OCT 13, 2020 7:20 AM PDT

Sleep Apnea and Alzheimer's Damage Brain in Same Way

WRITTEN BY: Annie Lennon

Sleep apnea is characterized by breathing that repeatedly stops and starts, loud snoring, restless sleep, and sleepiness throughout the day. For some time, we have known that those with sleep apnea in mid-life are more likely to have Alzheimer's later on. Now, researchers have found neurological evidence for the link. 

For their study, the researchers studied 34 postmortem samples from people who had obstructive sleep apnea. While none of the patients had received a dementia diagnosis, 70% had neurofibrillary tangles, and 38% had amyloid plaques on their hippocampi. 

After adjusting factors such as age, body mass index, and sex, the researchers noticed that the severity of the condition correlated with reductions in volume in the hippocampus, a part of the brain key for memory that also reduces in volume in people with Alzheimer's. They also noticed that some had a density of plaques and tangles sufficient to qualify for Alzheimer's disease. 

Adding to this, they found that each person's severity of sleep apnea correlated with how much amyloid plaque they had in their hippocampi. They found, however, that sleep apnea did not correlate with the number of neurofibrillary tangles in the hippocampi. 

Nevertheless, in mild cases of sleep apnea, the researchers reported finding plaques and tangles only in a cortical area near the hippocampus- exactly where they first occur in Alzheimer's disease. 

Explaining how this happens, the researchers suggested that repeated bouts of oxygen deprivation from sleep apnea may cause oxidative stress to build up amyloid plaques in the hippocampus. They say that this process may make these areas more vulnerable to Alzheimer's. 

Although interesting findings, the researchers caution that their results come from a relatively small sample size, and that their study did not involve a control group. As such, further research is needed to confirm their validity. 

 

Sources: Medical News TodayOxford Academic 

About the Author
  • Annie Lennon is a writer whose work also appears in Medical News Today, Psych Central, Psychology Today, and other outlets. When she's not writing, she is COO of Xeurix, an HR startup that assesses jobfit from gamified workplace simulations.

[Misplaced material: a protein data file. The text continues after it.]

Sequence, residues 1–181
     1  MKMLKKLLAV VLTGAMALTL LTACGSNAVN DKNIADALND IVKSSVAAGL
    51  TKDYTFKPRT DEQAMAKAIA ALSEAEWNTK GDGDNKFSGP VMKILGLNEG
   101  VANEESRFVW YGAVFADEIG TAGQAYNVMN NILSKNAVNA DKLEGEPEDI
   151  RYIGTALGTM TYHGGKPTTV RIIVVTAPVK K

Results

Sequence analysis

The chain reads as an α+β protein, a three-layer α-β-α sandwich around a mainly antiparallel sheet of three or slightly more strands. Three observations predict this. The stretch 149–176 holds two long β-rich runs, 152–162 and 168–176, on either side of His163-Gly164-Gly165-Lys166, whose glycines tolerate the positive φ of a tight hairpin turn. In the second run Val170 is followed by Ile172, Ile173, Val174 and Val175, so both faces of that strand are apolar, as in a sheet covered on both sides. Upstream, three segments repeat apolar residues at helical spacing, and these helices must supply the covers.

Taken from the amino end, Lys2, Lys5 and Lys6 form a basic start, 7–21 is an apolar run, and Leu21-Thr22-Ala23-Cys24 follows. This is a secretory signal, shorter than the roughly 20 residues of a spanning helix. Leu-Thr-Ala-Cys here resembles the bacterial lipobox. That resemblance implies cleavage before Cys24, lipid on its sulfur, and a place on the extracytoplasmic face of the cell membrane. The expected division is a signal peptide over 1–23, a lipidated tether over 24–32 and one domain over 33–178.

You May Also Like
AUG 16, 2021
Infographics
How Can We Make Sure Artificial Intelligence Won't Destroy Humanity?
AUG 16, 2021
How Can We Make Sure Artificial Intelligence Won't Destroy Humanity?
Artifical intelligence (AI) is becoming increasingly pervasive in daily life. While still far from the robitic humanoids ...
AUG 21, 2021
Neuroscience
Parents' Genes Affect Child's Academic Success, Even if Not Inherited
AUG 21, 2021
Parents' Genes Affect Child's Academic Success, Even if Not Inherited
How well a child does at school is influenced both by genes inherited and not inherited from their parents. The correspo ...
AUG 24, 2021
Health & Medicine
Consciousness is so dop(amine)! Researchers show dopamine plays a key role in consciousness
AUG 24, 2021
Consciousness is so dop(amine)! Researchers show dopamine plays a key role in consciousness
Consciousness is complex, but researchers have found a key element: dopamine
SEP 09, 2021
Drug Discovery & Development
Can vaccines help prevent and treat opioid addiction?
SEP 09, 2021
Can vaccines help prevent and treat opioid addiction?
According to the United States Centers for Disease Control (CDC), 136 people die from an opioid overdose every ...
OCT 07, 2021
Neuroscience
New Research Shows Relations Between Testosterone, Competition, and Competitive Endurance
OCT 07, 2021
New Research Shows Relations Between Testosterone, Competition, and Competitive Endurance
Research shows relation between testosterone levels, competitiveness, and competitive endurance
OCT 18, 2021
Cell & Molecular Biology
Learning More About the Molecular Basis of Appetite
OCT 18, 2021
Learning More About the Molecular Basis of Appetite
Neurons in the human brain play a crucial role in appetite, satiety, and metabolism. Research has revealed more about th ...
Loading Comments...